“However,” he continued after a moment, allowing some of the ice to flow out of his tone, “there are times when arrogance and stupidity become indistinguishable, and it’s possible—possible, I say—that this may be one of those times.”
Treharm’s submissively bowed head rose slightly, a tiny rim of green glittering once again around the edges of his eyes, and Jerghar nodded.
“It is, at the very least … audacious for him to challenge us in the hours of Her darkness. I’d looked for wiser tactics from the champion who so easily defeated Sharna not once, but twice. To confront us now, when our strength is greatest, is to give us an advantage I never dared to plan upon. And since he’s been so obliging as to come to us at the place and time of our choosing, we will meet him and crush him.”
The green fire in Treharm’s eyes flickered and grew brighter, and he dared to smile at his superior. Treharm had never really liked Jerghar’s original plan to harry their enemies’ flanks, picking off the weakest first and weakening the strong steadily with the despair of their comrades’ destruction, until the time came to take them all. He’d argued that such an attack would take too long, spend too many precious hours of night. In the end, it might allow Bahzell and Brandark, the two enemies who, among all others, must perish, to escape.
Jerghar had been prepared to risk that, despite the penalty he knew his mistress would inflict upon him if he failed, because he had never anticipated that Bahzell would be so rash as to come directly to him in his own prepared place of power. It was no carefully concealed temple, hidden away, depending for its security upon secrecy, as Sharna ’s Navahkan temple had. The life force the shardohns had ripped from the slaughtered coursers had provided Jerghar with all the power he needed to raise a fortress around this hill against any champion of the Light. It was a heady, exhilarating power, a tide of stolen strength such as no Servant of Krahana had tasted in centuries, if ever. Jerghar had never suspected the true nature of the coursers, never guessed that draining them would produce such a prodigious well of strength. It had been necessary to reclaim them from the shardohns—temporarily, at least—so that he might use them as burning glasses, reaching through them into their unsuspected link with the energy of the entire world about them.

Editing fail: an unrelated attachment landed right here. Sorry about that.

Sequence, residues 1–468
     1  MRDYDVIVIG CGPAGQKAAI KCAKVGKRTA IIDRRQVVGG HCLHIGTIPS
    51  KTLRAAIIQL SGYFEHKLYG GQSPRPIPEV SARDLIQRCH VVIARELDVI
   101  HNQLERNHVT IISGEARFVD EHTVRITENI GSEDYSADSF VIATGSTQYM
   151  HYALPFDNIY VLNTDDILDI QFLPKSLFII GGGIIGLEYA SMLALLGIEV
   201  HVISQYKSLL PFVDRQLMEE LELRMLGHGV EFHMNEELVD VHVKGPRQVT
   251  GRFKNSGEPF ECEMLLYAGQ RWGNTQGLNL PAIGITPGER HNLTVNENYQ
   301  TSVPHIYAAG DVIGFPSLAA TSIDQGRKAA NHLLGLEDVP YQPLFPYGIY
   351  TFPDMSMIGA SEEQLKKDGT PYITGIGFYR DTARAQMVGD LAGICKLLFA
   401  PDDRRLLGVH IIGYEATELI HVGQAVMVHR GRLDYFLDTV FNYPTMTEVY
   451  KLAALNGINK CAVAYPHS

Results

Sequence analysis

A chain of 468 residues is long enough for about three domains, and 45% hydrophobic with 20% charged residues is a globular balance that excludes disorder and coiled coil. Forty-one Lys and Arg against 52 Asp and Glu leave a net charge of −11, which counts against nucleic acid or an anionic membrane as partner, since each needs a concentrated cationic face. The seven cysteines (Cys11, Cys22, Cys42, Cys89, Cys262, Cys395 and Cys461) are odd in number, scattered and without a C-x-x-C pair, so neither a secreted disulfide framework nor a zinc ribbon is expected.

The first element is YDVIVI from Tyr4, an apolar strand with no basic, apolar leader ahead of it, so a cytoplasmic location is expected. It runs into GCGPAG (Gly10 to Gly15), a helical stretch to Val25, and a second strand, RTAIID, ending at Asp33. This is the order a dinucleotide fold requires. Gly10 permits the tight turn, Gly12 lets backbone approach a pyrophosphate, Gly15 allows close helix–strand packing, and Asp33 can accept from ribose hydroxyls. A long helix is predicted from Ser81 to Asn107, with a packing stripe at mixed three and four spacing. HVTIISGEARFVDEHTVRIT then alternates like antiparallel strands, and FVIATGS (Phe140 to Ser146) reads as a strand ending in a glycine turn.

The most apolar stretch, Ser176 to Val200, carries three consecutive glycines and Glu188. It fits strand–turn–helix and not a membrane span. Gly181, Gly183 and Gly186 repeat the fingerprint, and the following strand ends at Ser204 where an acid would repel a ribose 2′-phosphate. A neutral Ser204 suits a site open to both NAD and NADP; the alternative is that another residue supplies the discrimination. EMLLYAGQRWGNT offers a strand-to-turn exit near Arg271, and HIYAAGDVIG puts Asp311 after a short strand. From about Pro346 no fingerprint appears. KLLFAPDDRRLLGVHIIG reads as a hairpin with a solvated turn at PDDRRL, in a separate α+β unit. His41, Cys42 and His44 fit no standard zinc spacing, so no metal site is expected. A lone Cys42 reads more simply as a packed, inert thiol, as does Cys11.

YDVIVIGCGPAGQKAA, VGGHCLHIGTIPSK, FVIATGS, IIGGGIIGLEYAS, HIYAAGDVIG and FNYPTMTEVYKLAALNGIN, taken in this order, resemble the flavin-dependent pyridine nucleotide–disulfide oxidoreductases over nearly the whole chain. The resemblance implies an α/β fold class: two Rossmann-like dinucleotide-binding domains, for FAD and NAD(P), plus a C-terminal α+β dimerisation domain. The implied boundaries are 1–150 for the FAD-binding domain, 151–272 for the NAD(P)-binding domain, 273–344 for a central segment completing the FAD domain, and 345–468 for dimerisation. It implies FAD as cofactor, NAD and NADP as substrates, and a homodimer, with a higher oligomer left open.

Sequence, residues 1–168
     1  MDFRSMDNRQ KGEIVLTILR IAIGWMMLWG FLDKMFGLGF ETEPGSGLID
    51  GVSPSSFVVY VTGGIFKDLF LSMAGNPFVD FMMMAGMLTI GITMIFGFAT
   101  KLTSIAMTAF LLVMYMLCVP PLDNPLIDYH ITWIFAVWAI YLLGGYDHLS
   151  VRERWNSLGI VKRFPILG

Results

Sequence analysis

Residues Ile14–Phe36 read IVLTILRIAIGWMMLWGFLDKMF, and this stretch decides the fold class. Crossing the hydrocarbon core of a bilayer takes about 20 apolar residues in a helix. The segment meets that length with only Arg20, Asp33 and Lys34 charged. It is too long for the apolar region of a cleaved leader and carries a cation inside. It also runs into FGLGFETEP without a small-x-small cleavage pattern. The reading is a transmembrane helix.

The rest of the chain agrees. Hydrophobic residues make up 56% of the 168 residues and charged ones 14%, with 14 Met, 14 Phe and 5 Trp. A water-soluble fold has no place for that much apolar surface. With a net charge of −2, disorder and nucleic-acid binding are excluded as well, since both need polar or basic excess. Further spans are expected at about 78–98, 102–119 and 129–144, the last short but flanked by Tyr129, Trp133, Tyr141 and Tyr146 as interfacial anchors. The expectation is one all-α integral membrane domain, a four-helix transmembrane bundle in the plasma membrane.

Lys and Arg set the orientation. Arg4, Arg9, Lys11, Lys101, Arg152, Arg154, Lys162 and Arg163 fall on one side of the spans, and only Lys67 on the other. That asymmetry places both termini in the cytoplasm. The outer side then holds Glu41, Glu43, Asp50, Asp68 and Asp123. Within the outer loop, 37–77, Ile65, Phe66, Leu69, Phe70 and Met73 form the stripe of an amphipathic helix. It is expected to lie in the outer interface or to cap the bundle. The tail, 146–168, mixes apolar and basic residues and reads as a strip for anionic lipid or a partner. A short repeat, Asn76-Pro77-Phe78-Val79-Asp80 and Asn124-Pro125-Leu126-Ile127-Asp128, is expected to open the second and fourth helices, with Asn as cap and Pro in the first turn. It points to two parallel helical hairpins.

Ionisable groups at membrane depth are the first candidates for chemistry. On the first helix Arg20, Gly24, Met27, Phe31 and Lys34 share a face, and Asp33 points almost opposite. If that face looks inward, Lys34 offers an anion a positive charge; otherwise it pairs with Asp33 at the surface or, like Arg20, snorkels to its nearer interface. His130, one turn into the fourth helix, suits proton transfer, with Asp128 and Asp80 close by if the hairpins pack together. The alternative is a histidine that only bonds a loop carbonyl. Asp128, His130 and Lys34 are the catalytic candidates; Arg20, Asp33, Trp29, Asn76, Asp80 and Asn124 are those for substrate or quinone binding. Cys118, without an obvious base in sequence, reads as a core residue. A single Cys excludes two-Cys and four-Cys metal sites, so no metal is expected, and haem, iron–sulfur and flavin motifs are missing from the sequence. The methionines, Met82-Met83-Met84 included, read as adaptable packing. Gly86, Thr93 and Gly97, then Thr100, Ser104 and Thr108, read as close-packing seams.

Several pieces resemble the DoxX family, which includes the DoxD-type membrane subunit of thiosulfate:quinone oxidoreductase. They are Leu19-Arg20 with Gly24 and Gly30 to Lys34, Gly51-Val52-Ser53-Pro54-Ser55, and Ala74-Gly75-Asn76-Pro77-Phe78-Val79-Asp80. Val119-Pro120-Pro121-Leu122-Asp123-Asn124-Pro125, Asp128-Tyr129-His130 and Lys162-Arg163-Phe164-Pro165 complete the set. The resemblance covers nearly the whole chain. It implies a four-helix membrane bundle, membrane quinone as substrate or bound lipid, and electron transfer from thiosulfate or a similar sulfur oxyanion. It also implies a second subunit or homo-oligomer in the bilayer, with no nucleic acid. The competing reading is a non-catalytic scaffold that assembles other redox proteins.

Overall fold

The shardohns had hated it. Two of them had actually tried to resist Jerghar, and been destroyed and devoured themselves for their impudence. That had been enough, and the others had disgorged their prey, yielding up the taken souls of the courser herd to Jerghar as they would ultimately have yielded them to the Lady Herself.
Oh, but that had been a moment of ecstasy and deadly temptation. As all those souls, all that power, had flowed through him to lie in his hand, ready for his use, he had touched the very edge of godhood himself. As Treharm had been foolish enough to challenge his own authority, he had felt his own momentary power seducing him into thoughts of how he might have used it for himself, kept it for himself, and not as his mistress had commanded.
It in the end, it had been only temptation, for he’d known too well what vengeance Krahana would have taken upon him. All of that life force, all of that additional power, was his only to borrow for use against Her enemies. In the end, it was Her prize, not his. She would have it, harvest it from her shardohns, and woe betide any who dared to stand between Her and it.
And so, instead of claiming it for himself, he’d used it, and the result hovered in the darkness about him. He felt the coursers’ souls, reclaimed—however briefly—from the creatures who had slain them, screaming silently. They had tasted what awaited them, and the horror of that taste swirled through them like a cyclone of terror. And that was good, for their fear, their effort to escape the hideous dissolution awaiting them, only made it easier for him to manipulate their essences. They were his focuses, the anchors of the glittering web he’d woven, and his smile was ugly in the darkness. It would make their despair complete, and the taste of their broken life energy so much sweeter, when they realized that it had been they—their souls, and the power stolen from them—which had trapped and destroyed one of Tomanak’s hated champions.
“Go to Haliku and Layantha,” he told Treharm now. “Tell them both that our enemies will be here within the hour. And tell Layantha to join me here … and that when the time is right, she will have what she requires.